We regularly gather our team around our conference table and hold our ideas to the flames. What makes this company great? Is that greatness sustainable? Where are its weaknesses? How will we know when to sell? When should we buy more? What kinds of made-up metrics does management use in its presentations? How much stock does management own? Have they been selling recently? What types of behavior are rewarded by the compensation plan? How large a position in our portfolio does this idea deserve?
Putting our ideas through this gauntlet not only means everyone on the team has at least passing knowledge about everything we own, but allows each company to be examined from multiple angles with less familiar eyes (it is human nature to become attached to things you’ve spent a meaningful amount of time associating with – including investments – and humans hate to kill their darlings).
In this spirit, our most disappointing investments this past year were Inifinera and Under Armour.
In the case of Infinera, a company that makes vital components for high speed transmission of data, we believe we may have overestimated two things: the strength of the company’s sales force, and the ability of company management to absorb an important acquisition. These aren’t fatal missteps, but it definitely frustrates us. However, we think Infinera’s technological strength remains. We’re hoping to see a recovery in the coming year.
We appreciate management’s candor, but we’re concerned by the departure of the CFO and the company’s continued struggles to improve operating efficiency. We still believe, however, Under Armour’s brand strength is intact, which is very important to the thesis. There are no easy answers here, so stay tuned.
We can’t promise our funds will deliver market-beating returns across every measured time frame, but we believe our process will allow us to discover great companies we want to own for the next several years (or decades). We also believe this process and our long-term mentality helps us as we strive to deliver market-beating returns over our target rolling 3-year period – and beyond.
2) Why sell Chuy's? Industry specific or company specific?
For those keeping score, we initiated an R&D position in Chuy’s in the Great America fund this past summer (for more on this, check out our discussion back in September), and we exited the position in October.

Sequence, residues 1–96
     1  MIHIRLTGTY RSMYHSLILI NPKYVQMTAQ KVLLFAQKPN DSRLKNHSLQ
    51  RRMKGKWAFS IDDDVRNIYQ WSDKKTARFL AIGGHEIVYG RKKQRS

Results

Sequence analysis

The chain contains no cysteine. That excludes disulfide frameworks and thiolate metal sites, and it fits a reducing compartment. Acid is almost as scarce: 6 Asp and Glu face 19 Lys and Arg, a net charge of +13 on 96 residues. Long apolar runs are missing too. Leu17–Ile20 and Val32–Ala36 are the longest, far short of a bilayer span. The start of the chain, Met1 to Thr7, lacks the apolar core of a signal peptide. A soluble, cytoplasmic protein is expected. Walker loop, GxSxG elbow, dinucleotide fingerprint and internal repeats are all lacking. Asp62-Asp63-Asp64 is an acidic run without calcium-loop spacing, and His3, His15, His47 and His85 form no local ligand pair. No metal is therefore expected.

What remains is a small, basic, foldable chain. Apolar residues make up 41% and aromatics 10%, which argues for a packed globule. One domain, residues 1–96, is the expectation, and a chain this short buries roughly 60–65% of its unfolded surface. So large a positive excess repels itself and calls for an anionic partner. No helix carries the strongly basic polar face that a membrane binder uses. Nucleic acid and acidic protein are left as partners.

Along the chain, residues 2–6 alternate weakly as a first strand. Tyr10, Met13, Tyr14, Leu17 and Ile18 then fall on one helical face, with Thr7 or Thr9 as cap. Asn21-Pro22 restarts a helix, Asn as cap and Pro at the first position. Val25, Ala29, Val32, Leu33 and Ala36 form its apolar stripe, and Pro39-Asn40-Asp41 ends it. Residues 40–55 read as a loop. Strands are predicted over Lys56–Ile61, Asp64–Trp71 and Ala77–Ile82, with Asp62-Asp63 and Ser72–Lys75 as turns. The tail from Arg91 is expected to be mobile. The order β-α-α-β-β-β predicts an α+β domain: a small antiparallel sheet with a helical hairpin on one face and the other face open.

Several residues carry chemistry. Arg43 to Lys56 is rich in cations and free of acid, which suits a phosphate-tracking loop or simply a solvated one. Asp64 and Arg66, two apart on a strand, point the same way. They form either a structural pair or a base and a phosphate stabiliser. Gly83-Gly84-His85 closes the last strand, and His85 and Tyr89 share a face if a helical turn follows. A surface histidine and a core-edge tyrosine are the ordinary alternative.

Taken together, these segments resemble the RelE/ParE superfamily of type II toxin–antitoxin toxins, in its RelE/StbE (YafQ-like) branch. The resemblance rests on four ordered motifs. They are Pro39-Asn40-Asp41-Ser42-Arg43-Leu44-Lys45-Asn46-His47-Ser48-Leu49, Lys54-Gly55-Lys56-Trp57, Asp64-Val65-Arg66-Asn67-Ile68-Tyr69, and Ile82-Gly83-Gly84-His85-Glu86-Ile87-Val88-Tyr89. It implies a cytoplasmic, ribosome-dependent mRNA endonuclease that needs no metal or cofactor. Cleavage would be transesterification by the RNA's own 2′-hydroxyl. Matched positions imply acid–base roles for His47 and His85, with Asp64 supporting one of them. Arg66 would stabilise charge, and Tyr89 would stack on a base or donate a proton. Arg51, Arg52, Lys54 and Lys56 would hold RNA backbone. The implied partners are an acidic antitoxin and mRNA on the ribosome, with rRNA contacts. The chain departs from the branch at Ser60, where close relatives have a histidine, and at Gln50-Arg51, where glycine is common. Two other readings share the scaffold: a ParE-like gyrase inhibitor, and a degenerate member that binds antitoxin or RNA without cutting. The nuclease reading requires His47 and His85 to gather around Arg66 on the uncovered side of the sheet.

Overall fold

Our exit was perhaps for a combination of company- and industry-related reasons.
There are hundreds and thousands of competitors for diners’ dollars in the restaurant industry. In the same way, investment ideas are constantly competing for your investing dollars, and we have the daunting challenge of making a judgment call on which of the thousands of public companies are worth your money.
Considering our existing exposure to consumer discretionary spending – and the restaurant industry specifically, with names including Texas Roadhouse and Panera Bread – we just couldn’t see a clear reason Chuy’s was one of the best places for your money.
3) Can you explain why a company like Alphabet would buy back stock? What does that mean for the investor?
I recently came across an article on Bloomberg.com that addressed this very question. How convenient!
Mainly, the reason Alphabet is buying back shares is to demonstrate a level of capital discipline. This new attitude toward responsible spending arrived in 2015 with CFO Ruth Porat, who was previously an investment banker and CFO at Morgan Stanley.
This is also why the company restructured itself into Google and Other Bets under the Alphabet umbrella. By separating audacious (and unprofitable) research projects such as autonomous vehicles, Google Fiber, Loons, and whatever else may be going on in Mountain View from the cash-generating machine that is Google’s ad business, it became far easier for investors to understand the underlying value of the company.
So essentially, the folks at Google are buying back shares to show Wall Street that they’re grown-ups. It can be debated whether this is a good thing, but the market has liked it so far.